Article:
Say you have an organization that requires employees to participate in a Q&A site similar to StackOverflow - questions and answers are voted upon, selected answers get extra points, certain behaviors boost your score etc. What we need to do is assign a rating from 1-100 to these users with even distribution.
The behaviors that add points:
- Ask a question [fixed]
- Answer a question [fixed]
- Receive an upvote on a question [determined by relative ranking]
- Receive an upvote on an answer [determined by relative ranking]
- Have your answer selected [determined by relative ranking]
- Responding to a comment, etc [fixed]
Likewise, there are behaviors that subtract points.
If a user with a high ranking upvotes a question asked by a lower-ranking user, more points should be awarded than the inverse situation. Likewise if a lower-ranking user downvotes a higher-ranking user's question, the impact should be minimal compared to the inverse. There should be a limit to this impact though so that a high-ranking user doesn't unintentionally destroy any momentum of a low-ranking user by issuing a powerful downvote.
We have a few challenges here:
How do we determine how many points to assign to each type of behavior, with actor/recipient relative rank taken into account?
I'm thinking we just assign a flat number to each behavior, that number decided relative to the importance of the other behaviors, and then have a variable score that can alter the score if there is a wide variance between the users. The mechanics of this - does the score double at most? - are unclear.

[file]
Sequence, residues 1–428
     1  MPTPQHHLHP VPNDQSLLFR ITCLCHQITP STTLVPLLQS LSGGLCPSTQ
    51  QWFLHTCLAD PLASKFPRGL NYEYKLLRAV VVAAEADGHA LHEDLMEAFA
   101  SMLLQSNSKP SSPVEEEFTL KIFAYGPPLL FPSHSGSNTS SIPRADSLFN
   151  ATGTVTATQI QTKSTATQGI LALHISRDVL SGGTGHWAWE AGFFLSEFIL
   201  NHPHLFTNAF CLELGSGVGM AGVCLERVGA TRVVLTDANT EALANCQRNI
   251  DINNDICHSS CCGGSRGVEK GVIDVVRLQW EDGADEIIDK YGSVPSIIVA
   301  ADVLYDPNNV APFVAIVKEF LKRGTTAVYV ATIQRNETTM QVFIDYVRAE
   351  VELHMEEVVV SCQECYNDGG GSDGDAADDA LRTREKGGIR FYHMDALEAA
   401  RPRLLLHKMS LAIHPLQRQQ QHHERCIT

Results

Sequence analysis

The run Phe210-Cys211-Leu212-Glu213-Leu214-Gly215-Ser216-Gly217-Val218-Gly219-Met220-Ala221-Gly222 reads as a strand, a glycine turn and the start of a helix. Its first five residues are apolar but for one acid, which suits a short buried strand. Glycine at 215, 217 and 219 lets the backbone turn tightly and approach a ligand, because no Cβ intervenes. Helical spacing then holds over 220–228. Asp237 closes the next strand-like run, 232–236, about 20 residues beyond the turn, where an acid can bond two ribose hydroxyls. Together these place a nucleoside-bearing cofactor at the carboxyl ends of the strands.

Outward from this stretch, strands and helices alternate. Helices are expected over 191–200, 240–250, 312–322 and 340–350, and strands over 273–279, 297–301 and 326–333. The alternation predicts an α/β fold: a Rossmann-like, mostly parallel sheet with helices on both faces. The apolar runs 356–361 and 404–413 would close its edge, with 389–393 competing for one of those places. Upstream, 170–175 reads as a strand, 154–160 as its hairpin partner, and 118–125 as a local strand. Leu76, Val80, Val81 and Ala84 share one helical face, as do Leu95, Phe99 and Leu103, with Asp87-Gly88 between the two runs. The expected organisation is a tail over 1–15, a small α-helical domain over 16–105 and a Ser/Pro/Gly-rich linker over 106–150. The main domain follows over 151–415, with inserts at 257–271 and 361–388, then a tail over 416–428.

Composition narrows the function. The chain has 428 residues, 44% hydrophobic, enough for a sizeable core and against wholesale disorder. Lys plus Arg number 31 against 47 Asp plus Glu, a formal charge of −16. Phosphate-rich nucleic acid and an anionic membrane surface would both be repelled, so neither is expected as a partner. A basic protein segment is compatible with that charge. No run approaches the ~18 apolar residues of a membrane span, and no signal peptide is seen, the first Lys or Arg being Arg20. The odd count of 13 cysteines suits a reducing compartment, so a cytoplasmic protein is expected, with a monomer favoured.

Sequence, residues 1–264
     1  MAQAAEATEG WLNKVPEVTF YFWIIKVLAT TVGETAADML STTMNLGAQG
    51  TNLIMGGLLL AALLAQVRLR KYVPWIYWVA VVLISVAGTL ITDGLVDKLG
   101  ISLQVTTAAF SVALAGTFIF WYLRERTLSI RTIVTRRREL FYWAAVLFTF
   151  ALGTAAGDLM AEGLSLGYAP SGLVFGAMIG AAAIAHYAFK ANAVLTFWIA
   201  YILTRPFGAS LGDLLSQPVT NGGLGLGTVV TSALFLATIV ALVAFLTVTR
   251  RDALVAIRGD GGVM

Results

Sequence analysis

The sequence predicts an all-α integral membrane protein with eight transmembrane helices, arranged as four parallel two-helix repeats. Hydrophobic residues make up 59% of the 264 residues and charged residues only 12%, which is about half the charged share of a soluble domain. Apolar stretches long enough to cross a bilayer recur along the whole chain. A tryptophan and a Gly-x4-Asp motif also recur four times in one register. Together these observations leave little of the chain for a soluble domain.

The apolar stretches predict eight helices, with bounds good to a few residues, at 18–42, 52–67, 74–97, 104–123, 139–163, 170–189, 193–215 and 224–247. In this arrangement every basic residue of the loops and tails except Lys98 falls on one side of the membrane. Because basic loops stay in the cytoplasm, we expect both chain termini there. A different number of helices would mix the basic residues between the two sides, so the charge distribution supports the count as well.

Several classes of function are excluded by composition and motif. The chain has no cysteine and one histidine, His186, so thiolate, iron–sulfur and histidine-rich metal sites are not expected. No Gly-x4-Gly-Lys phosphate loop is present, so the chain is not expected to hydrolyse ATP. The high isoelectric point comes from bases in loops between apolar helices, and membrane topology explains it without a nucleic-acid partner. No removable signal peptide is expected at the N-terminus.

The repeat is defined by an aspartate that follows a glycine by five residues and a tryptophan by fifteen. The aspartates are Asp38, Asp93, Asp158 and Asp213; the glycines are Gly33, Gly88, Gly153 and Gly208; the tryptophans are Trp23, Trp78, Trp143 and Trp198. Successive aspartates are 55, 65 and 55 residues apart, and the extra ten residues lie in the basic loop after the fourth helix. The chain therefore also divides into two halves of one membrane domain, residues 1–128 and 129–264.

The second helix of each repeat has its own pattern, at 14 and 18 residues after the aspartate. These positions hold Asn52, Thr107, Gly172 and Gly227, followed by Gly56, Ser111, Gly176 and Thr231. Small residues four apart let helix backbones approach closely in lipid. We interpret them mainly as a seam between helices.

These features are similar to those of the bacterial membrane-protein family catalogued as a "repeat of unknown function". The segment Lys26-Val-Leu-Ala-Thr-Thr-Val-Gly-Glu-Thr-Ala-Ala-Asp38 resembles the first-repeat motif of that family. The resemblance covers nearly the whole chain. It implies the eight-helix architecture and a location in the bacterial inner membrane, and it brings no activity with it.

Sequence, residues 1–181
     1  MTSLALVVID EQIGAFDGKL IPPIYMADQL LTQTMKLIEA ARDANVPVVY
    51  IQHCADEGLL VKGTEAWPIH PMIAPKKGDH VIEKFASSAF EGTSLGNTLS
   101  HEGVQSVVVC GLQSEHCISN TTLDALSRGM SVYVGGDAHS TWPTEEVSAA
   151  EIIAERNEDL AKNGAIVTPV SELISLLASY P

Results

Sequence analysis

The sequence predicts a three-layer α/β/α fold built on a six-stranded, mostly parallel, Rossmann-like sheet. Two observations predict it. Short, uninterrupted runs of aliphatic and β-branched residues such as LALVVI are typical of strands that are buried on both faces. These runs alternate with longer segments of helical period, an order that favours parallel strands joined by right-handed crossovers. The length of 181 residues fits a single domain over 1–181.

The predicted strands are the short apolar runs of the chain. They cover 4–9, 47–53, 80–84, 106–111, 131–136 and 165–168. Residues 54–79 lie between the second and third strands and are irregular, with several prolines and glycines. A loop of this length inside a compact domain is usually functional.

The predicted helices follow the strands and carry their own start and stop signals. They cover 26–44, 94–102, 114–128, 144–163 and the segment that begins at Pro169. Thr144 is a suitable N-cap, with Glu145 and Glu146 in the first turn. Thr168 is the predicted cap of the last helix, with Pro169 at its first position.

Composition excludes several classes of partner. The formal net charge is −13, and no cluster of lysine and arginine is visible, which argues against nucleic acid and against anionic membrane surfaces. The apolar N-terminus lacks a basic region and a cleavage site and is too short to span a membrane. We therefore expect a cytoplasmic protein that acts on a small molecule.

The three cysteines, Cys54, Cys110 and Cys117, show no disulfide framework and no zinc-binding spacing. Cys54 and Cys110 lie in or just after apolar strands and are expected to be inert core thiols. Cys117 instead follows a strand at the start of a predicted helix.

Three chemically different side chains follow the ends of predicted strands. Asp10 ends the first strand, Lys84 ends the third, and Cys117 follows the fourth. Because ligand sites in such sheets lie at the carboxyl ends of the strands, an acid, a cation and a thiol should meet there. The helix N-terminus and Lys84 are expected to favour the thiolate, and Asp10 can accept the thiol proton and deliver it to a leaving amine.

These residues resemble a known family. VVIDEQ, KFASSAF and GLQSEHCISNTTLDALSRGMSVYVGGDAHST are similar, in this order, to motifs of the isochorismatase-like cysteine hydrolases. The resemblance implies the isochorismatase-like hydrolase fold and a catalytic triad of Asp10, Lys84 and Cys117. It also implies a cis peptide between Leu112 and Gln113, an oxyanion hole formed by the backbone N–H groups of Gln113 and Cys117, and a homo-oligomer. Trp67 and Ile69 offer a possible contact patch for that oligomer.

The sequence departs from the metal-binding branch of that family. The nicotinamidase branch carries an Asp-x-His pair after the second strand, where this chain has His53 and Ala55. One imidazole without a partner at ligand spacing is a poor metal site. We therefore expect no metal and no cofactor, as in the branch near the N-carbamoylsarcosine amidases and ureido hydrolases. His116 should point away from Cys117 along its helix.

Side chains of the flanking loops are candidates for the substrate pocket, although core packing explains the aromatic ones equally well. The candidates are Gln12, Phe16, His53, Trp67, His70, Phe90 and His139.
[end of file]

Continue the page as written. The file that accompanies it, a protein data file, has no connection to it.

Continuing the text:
How to we assign this rank? This one is a little easier - I'm thinking we just order the users according to score and then split the dataset into 100 sections, assigning each "chunk" a number 1-100.
Should we be worried about these numbers getting "very big"? The scenario described above has been trivialized; actions taken by these users may happen hundreds of times per day so the scores can become very high, very quickly. Is there a way we can keep this under control while avoiding a large number of duplicate scores?
How do we define the "fixed" scores as the total scores become very big? Over time we may have users with hundreds of thousands of points - but the fixed-score behaviors should still reward them. They should reward lower-ranking users more than higher-ranking users.
I don't know if there are some standard practices, algorithms, or terminologies that I should be aware of when facing a problem like this - any input would be appreciated.